About the data
The data for this analysis is a set of crossword clues and answers from New York Times crossword puzzles from 1996-2012, courtesy of Michael Donohoe:
Crosswordiness is calculated as a function of both how often a word appears in the crossword puzzle and how often it appears elsewhere. The "elsewhere" is the word's Google Books Ngram percentage from the same period, 1996-2012. For data quality reasons, only recognized dictionary words have their "crosswordiness" calculated (see Flaws below). Sorry, ARLO. The crosswordiness percentile of any answer word can be looked up from the Details page.
Calculating strength of clue-answer word pairs
To calculate how strongly a given word in a clue points to a particular answer, I use term frequency-inverse document frequency. This is a measure of not just how frequently a word appears in clues for a particular answer, but how frequently it appears in those clues relative to all clues. Chopping crossword clues into individual words has a significant margin of error (See Flaws below).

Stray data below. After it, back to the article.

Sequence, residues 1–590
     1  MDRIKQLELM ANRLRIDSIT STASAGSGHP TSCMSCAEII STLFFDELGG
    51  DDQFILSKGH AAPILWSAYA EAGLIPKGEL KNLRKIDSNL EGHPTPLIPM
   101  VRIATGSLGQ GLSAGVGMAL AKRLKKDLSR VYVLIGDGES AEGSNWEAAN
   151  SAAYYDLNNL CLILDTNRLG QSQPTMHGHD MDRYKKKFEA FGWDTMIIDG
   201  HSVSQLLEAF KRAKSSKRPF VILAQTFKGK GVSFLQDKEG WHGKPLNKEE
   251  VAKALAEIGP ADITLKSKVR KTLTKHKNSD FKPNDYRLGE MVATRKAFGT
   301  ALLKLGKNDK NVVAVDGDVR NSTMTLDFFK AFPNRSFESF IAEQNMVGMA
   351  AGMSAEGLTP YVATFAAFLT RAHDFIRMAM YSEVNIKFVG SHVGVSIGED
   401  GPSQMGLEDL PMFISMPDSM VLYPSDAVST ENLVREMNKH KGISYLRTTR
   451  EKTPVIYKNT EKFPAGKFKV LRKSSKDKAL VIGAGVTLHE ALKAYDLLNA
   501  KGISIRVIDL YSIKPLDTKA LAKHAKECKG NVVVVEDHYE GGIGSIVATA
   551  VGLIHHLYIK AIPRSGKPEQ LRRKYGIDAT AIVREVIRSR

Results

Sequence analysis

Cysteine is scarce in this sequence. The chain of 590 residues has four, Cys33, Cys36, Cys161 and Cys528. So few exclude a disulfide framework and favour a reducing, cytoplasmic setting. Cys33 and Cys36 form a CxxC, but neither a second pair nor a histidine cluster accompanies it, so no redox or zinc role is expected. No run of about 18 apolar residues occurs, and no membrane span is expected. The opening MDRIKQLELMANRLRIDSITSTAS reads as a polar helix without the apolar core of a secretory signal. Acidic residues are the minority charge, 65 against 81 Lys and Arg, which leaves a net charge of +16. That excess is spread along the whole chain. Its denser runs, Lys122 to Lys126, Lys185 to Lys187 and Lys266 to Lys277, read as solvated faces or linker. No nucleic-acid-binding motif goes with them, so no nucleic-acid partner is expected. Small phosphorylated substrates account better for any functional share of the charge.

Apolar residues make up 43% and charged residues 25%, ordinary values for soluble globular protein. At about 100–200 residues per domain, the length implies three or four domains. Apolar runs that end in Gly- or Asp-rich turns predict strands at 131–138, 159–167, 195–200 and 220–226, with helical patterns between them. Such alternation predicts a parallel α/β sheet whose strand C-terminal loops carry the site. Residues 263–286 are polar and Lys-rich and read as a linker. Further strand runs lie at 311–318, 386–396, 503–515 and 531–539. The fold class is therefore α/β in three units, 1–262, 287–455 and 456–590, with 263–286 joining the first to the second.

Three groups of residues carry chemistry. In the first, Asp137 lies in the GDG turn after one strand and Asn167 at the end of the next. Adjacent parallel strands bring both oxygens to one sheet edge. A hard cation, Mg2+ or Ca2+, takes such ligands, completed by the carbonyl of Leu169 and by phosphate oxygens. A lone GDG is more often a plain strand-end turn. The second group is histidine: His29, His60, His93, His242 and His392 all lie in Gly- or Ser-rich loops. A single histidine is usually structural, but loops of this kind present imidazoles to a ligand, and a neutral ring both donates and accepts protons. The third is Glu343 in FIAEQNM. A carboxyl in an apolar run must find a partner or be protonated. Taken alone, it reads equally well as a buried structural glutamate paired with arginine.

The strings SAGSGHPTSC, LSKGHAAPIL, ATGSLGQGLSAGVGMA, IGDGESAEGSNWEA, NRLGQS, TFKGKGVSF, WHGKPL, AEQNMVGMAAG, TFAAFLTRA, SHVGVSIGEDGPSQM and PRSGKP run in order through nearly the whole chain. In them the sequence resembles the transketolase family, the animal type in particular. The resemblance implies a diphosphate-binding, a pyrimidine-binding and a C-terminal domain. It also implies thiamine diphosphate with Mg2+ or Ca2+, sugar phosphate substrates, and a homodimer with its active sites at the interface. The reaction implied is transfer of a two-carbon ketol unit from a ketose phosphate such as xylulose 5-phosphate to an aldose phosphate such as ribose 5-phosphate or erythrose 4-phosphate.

To see the three clue words that most strongly point to a given answer, check out the Details page. Examples: OLEO, APSE, EWER
- Answers that aren't recognized English words (e.g. proper nouns, multi-word phrases) are excluded from the "crosswordiness" analysis, because it's especially hard to get reliable n-grams for them.
- The question of "what is a word?" is not a simple one, especially when it comes to breaking the clue text into constituent words. Crossword clues have their own ARGOT and use lots of abbreviations, so the results are far from perfect. Some non-words sneak in, and some legitimate words are left out.
- Some answers are used one way in the puzzle but counted differently by me out of context because they're homographs. For example, the crossword answer LENO generally refers to Jay, but it is also a word for a specific sort of yarn weave.
- 2006 data is missing from the original dataset.
- Some of the cells in the original dataset are garbled or empty.